In the Rest of Africa, Nampak supplies paper packaging to a range of sectors, including the milling, cigarette, tobacco and sorghum beer industries. In most of these markets we are the major producer. Among our extensive product range are beverage cartons, sacks, self-opening bags, corrugated tobacco cases and corrugated boxes.
|FINANCIAL CAPITAL||HUMAN CAPITAL||NATURAL CAPITAL|
R1 054 million
(2018: R1 486 million)
125 519 GJ
(2018: 104 623GJ)
(2018: R229 million)
REST OF AFRICA
In Zimbabwe, the limited availability of foreign exchange required to procure raw materials and the sharp depreciation of the local currency detracted from a strong operational performance with sustained efficiencies. Sales volumes were broadly steady, supported by a record harvest of tobacco, which is packaged for export in large corrugated cases, as well as sales to Malawi following the restructuring of our business there in 2018. In a hyperinflationary economy, accounting standards require the use of the closing rand/Zimbabwe currency rate rather than the average rate for the year. This led to a sharp decline in the profitability of the paper business.
In Nigeria, we agreed to sell our Cartons business as a large customer moved to consolidate its suppliers across the world.
In Kenya, after a slow first half, volumes began to recover in the second half following the start-up of our higher-quality production facilities, including a new eight-colour printer.
In Malawi, we recorded greater efficiencies and an improved financial performance subsequent to the restructuring of this operation, which now focuses on flame sealing and printing activities for sorghum beer packaging and stitching and printing activities rather than the first stage of production activities. That occurs in Zambia and Zimbabwe respectively.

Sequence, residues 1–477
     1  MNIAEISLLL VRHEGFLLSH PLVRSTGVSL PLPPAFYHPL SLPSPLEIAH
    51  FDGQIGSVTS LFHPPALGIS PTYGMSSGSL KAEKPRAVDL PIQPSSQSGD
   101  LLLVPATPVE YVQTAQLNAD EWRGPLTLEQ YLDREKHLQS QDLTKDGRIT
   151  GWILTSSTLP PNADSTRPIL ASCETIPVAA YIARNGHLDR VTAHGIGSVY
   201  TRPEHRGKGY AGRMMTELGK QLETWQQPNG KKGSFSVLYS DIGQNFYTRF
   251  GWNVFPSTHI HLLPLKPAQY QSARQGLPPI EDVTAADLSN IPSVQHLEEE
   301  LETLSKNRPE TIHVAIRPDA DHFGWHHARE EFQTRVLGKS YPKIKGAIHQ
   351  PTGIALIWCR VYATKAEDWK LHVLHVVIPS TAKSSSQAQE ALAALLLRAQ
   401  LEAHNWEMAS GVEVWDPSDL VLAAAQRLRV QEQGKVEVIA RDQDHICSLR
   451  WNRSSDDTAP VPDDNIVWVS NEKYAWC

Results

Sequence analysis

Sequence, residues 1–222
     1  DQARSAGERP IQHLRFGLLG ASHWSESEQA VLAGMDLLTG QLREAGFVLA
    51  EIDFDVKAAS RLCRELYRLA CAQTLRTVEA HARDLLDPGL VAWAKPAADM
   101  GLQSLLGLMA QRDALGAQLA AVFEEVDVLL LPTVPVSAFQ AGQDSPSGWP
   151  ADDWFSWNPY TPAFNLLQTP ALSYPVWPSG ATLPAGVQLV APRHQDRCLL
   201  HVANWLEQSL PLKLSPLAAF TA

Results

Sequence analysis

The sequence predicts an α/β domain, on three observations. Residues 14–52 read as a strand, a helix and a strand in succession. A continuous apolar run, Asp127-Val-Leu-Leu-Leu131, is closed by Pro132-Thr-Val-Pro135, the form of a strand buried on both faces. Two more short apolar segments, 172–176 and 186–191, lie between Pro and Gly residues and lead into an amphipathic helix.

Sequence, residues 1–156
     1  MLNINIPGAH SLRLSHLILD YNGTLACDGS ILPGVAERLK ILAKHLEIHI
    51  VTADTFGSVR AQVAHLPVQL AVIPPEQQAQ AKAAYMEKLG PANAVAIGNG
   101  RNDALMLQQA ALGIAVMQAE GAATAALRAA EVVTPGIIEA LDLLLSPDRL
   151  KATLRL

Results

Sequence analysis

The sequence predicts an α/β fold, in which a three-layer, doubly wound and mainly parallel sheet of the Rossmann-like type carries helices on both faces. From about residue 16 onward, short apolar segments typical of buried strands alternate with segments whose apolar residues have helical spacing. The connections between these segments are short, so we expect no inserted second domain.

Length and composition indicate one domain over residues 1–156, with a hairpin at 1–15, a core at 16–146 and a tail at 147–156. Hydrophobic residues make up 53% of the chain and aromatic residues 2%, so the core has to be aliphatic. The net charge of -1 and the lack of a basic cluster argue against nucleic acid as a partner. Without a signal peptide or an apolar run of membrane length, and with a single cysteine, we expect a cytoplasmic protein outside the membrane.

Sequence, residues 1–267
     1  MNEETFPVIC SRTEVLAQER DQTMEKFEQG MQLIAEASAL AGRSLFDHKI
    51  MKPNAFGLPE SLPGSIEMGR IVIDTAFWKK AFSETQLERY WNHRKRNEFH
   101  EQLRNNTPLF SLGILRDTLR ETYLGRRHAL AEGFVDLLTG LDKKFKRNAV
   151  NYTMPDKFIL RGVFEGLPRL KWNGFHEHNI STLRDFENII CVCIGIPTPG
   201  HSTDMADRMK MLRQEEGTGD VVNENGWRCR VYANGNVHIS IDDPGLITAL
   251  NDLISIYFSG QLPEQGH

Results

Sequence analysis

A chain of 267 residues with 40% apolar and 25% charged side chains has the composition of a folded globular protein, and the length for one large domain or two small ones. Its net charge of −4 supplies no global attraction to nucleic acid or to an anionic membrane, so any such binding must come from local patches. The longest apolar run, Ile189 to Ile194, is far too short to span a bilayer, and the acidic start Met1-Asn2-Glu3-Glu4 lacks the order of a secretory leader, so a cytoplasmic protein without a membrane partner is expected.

In a difficult macro-economic environment in Zambia, volumes declined, but we continued to execute on our new market approach to develop more small independent brewers as customers. This approach involves moving away from our traditional reliance on one large customer and towards assisting independent breweries to change their sorghum beer packaging to conical cartons, from bulk and plastic containers previously.
Demand for paper packaging in Zimbabwe will only pick up meaningfully if the country introduces substantial economic reforms. We see good opportunities in the larger African market for both fresh, extended shelf-life and ultra-heat-treated (UHT) products, with rapidly expanding demand.
In Nigeria, we await the competition authorities' approval of the sale of our Cartons business.
In Zambia, there are significant opportunities for the growth of conical cartons for opaque beer.